A separate source close to the White House told CNN that aides inside the West Wing believe “the only issue that may stick” in the impeachment process is the campaign finance violations tied to former Trump attorney Michael Cohen’s payouts to Trump’s alleged mistresses.
Impeachment talk has ratcheted up in recent days following a blockbuster filing from prosecutors in the Southern District of New York. In that filing, prosecutors directly alleged for the first time that Cohen was being directed by Trump when he broke the law during the 2016 presidential campaign.
Democrats are suggesting Trump committed an impeachable offense and could be sent to prison when his term in the White House is over. The incoming chairman of the House Judiciary Committee, Rep. Jerry Nadler, said Sunday the allegations, if proven, would constitute “impeachable offenses.” Democratic Sen. Chris Coons said Monday Trump could be indicted after he leaves office.
Cohen first made the allegation in court in September that he was directed by Trump to make the payments to the two women, Stormy Daniels and Karen McDougal. Prosecutors endorsed the allegation in a sentencing document for Cohen on Friday, in which they said Cohen should receive a “substantial sentence” for the crimes he committed, which included campaign finance violations for the payments to the two women, tax fraud and lying to Congress.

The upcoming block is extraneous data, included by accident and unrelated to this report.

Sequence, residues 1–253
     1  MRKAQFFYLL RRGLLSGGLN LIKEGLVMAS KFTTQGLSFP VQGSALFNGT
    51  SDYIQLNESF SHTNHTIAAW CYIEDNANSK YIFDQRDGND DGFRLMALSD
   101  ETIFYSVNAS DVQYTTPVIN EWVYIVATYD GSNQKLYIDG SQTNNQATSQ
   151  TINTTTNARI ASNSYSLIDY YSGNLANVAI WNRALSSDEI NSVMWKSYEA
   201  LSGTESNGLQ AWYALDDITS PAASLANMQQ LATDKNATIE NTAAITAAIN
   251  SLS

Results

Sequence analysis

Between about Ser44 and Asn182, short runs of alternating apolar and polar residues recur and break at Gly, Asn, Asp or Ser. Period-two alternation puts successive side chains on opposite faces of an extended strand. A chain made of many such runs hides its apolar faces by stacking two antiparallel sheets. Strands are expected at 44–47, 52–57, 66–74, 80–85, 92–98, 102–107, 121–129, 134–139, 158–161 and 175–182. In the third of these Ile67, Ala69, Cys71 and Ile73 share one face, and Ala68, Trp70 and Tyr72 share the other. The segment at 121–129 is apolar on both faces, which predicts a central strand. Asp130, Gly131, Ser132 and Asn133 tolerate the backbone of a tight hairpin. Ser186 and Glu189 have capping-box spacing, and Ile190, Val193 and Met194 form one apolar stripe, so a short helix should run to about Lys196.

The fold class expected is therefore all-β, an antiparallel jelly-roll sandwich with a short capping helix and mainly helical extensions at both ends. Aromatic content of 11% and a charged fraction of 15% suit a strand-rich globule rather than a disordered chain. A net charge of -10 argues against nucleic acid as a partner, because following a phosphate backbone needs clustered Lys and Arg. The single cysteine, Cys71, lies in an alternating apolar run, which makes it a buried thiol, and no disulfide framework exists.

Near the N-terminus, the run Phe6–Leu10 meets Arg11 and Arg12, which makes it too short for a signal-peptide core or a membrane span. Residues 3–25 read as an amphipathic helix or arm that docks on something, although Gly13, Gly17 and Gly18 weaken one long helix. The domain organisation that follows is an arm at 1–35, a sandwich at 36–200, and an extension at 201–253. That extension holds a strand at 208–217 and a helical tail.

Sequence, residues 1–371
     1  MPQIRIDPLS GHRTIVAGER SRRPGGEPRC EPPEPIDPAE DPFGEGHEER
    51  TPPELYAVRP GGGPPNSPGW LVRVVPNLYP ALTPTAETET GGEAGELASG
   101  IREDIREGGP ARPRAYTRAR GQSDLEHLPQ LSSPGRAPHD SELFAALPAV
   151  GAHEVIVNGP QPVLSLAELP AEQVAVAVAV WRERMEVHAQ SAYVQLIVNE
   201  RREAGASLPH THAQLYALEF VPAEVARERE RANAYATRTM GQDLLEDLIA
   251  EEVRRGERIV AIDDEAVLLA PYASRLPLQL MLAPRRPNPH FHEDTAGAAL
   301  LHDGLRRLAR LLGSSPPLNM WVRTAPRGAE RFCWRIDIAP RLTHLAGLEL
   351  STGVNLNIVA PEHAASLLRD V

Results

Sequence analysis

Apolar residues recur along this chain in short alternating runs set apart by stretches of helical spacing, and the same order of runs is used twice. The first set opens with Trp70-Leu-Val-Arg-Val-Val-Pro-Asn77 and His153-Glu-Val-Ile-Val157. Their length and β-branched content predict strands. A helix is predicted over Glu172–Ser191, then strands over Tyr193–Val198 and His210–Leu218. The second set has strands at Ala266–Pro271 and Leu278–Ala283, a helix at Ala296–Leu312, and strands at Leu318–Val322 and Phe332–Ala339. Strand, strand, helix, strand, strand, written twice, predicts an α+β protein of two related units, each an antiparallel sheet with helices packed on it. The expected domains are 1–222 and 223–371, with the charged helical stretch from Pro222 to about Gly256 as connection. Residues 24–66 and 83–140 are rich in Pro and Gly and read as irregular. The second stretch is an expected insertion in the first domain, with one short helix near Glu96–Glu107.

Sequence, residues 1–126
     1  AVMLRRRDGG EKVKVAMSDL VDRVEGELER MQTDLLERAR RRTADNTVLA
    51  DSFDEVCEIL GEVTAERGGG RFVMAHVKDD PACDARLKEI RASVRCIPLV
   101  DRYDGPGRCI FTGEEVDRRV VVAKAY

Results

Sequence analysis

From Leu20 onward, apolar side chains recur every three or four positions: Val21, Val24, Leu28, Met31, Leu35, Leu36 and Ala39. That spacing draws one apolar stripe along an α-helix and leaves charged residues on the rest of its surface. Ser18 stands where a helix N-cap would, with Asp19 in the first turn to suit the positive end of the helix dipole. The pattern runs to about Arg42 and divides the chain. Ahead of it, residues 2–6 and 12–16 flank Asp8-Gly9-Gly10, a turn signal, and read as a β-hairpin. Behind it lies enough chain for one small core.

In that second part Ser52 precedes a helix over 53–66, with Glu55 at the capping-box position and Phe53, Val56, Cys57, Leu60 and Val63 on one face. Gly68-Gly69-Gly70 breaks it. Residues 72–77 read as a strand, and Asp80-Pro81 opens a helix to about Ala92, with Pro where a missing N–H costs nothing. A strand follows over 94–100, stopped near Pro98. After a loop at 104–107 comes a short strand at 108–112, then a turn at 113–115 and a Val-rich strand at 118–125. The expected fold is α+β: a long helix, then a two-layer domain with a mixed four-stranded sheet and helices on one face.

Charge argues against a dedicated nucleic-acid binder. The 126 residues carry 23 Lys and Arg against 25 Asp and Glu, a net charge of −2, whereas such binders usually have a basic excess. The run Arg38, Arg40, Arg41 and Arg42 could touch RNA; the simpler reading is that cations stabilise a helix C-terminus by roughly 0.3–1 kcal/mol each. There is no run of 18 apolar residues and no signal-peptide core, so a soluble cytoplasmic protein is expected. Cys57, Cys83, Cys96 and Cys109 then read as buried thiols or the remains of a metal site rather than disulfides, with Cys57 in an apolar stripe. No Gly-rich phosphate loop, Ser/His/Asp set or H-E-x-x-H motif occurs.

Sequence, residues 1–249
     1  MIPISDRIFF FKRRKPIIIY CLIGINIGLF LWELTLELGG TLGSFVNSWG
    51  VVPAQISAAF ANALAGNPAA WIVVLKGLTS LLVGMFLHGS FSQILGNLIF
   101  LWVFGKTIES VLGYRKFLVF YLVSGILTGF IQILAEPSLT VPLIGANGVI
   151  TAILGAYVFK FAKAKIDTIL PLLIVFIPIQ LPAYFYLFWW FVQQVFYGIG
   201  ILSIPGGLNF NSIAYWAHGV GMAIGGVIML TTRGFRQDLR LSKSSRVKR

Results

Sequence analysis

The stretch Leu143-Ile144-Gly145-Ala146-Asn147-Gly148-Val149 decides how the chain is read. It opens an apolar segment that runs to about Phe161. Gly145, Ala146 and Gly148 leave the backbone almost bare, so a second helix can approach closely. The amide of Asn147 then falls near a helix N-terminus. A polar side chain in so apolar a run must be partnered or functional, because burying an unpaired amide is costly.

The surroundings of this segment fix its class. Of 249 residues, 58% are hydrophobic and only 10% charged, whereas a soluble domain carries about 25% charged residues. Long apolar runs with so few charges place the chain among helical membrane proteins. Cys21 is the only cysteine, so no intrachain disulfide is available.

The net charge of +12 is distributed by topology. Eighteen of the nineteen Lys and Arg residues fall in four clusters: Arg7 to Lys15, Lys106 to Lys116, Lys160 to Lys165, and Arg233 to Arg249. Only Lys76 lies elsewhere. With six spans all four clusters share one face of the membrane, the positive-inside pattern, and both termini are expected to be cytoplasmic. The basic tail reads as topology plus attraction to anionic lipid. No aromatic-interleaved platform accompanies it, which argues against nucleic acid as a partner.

White House officials, at the moment, still don’t believe special counsel Robert Mueller’s investigation into possible collusion will result in impeachment. Officials are also comforted by their belief that the campaign finance issue is not seen as enough to galvanize bipartisan support for impeachment.
Another separate source said Trump remains confident at this point that, while he could be impeached in the House, he doesn’t believe he would be convicted in the Senate as the GOP remains in control there.
The campaign finance issue tied to the alleged mistresses is not viewed as having the firepower to trigger a bipartisan vote for conviction and removal in the Senate, the source said.
These beliefs about the politics at play in impeachment proceedings are based on what White House officials believe Mueller has on Trump right now. It’s still unclear exactly where else the special counsel’s probe could go.